Dirt Bandit Sweeping can produce 100 tons of recycled asphalt pavement a day using its mobile asphalt recycling plant.
A loader empties newly recycled material into a hot box to retain its heat.
Close-up look at newly recycled material in a hot box.
Newly recycled material is dumped directly into the loader from the recycling unit. It can also be dumped onto a conveyor for loading dump trucks.
Mobile asphalt recycling plants, such as this PT-Pro Series from Pavement Technologies, allow paving and patching contractors to process reclaimed asphalt pavement into durable hot mix, making the material available year-round for paving and repairs even when hot mix asphalt plants are closed.
A loader moves reclaimed asphalt from a stockpile and dumps it into the recycler.
Although winter takes a toll on many industries, one of the hardest hit is road-building and pavement repair. Government restrictions on using asphalt in low temperature situations leads to seasonal fluctuations in demand. As a result, most of the plants that produce hot mix asphalt shut down for some or all of the coldest months.
Without access to hot mix asphalt, most paving contractors and highway departments are left in the cold when it comes to pavement repairs. Needed repairs are put off until springtime or they’re forced to use cold-patch, an alternative to hot mix that does not last nearly as long and costs far more. But because more and more contractors are seeking year-round access to hot mix, mobile asphalt recycling plants (MARPs) are attracting a lot of attention.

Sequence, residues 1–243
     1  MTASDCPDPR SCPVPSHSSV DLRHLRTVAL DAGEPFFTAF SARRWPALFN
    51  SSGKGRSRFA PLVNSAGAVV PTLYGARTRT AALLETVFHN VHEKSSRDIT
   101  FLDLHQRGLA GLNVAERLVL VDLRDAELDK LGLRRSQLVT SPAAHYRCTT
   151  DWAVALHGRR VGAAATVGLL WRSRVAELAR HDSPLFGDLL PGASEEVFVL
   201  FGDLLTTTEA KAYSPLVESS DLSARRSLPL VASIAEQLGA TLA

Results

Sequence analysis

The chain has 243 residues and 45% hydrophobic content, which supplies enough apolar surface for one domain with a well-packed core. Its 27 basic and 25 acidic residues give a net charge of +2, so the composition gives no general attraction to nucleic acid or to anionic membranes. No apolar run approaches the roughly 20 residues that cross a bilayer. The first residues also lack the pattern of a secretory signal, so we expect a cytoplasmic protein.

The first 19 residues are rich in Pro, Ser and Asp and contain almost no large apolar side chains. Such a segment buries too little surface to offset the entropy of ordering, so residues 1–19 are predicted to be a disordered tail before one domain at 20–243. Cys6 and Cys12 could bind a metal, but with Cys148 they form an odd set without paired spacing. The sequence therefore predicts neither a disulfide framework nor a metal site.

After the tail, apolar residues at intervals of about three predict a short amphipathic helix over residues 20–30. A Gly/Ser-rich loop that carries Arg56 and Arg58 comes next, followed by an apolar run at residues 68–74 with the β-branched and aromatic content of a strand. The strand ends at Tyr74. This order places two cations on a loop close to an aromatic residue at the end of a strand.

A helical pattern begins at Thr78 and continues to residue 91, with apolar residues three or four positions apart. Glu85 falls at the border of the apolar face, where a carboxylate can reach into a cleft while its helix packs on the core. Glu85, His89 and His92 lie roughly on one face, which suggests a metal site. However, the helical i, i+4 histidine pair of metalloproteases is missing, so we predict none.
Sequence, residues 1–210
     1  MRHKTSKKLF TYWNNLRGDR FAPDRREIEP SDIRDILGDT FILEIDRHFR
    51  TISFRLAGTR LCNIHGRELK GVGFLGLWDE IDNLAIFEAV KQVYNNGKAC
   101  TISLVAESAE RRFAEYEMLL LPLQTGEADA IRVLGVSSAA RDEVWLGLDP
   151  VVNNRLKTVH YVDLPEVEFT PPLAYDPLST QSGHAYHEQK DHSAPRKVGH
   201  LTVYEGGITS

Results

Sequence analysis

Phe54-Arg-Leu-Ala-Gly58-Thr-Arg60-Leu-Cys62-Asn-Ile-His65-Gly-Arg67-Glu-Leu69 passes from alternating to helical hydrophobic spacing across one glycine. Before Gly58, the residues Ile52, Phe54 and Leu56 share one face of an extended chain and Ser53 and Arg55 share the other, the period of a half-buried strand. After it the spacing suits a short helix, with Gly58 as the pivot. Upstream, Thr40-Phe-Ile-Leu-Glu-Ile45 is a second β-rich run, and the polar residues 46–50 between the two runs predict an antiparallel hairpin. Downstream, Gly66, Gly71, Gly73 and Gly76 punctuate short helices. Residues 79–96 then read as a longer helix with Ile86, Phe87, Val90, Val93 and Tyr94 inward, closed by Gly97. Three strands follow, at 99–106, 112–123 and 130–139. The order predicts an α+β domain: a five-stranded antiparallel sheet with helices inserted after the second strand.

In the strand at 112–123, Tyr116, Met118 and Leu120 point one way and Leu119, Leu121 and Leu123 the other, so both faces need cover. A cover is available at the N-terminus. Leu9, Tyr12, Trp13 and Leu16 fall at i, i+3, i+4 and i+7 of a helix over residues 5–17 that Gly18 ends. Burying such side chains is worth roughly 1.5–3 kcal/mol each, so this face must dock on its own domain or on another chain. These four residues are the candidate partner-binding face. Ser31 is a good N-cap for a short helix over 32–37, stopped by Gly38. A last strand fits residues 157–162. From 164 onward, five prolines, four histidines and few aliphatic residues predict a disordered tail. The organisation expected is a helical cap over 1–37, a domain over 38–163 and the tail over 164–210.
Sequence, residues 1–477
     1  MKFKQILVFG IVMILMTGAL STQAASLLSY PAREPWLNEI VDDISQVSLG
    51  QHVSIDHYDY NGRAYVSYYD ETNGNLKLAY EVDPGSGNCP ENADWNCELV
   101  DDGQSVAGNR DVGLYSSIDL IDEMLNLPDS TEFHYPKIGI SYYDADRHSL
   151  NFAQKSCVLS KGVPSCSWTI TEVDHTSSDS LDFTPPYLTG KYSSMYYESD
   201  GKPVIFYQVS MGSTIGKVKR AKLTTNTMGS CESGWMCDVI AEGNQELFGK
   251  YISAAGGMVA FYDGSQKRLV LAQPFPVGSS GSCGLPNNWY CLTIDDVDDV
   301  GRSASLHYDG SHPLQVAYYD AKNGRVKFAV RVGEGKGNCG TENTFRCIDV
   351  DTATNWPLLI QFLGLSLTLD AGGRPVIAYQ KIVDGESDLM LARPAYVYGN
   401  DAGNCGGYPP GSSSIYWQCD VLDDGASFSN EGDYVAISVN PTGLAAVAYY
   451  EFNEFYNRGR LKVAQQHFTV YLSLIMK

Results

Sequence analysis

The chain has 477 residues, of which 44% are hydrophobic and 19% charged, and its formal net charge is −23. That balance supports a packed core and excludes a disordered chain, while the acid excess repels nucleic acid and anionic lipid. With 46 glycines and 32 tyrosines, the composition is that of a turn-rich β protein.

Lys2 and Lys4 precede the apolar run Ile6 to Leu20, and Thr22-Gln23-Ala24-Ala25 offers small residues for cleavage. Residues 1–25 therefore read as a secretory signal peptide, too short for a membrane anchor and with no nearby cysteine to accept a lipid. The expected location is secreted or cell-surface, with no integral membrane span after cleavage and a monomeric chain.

Hot Mix Where and When You Want It
MARPs reduce or eliminate dependence on fixed location hot mix producers without compromising the advantages of hot mix. Set up at or near almost any job, MARPs can provide contractors and DOTs with a dedicated source of hot mix exactly where and when it's needed 365 days a year.
- Crews can fill potholes in the dead of winter with hot mix, when hot mix plants are closed.
- MARPs also have proved to be remarkably beneficial on airfields where nighttime repair is the standard and daytime runway closure is unthinkable.
- Towns such as Colonie, NY, which has a steady stream of water main breaks have turned to PavementGroup’s PT-PRO Series recycler to provide hot mix when the local plants were shut down.
The best-designed MARPs require only one person to load and operate, and every 20 minutes can deliver as much as five tons of hot mix ready for lay down. This newfound freedom allows faster responsiveness and offers greater efficiencies in laying or repairing paved surfaces. With a cost of only $20/ton, recycling RAP is proving to be highly lucrative for pavers and offers equally important cost reductions for municipal owners.
First introduced in the 1970s following the oil embargo, reclaimed asphalt pavement (RAP) has become one of the most recycled materials in the U.S. Unlike cold-patch materials which often rely on petroleum cutback to soften the material for application, RAP can be reheated to reclaim its inherent strength and stability, yielding both excellent performance and significantly lower price compared with virgin asphalt and cold patch materials. This has made it a staple product for the paving industry... when it's available.
“In the Four Corners area, the only two asphalt plants shut down from December to March,” says Phil McKinney, owner of Dirt Bandit Sweeping, a full-service asphalt maintenance and paving company in Farmington, NM. “I couldn't take on any jobs when they were closed. Now that I've got my own mini-plant we're the only paving company that can make asphalt during the winter. We use it for our own jobs, but we also sell RAP to municipalities that need it."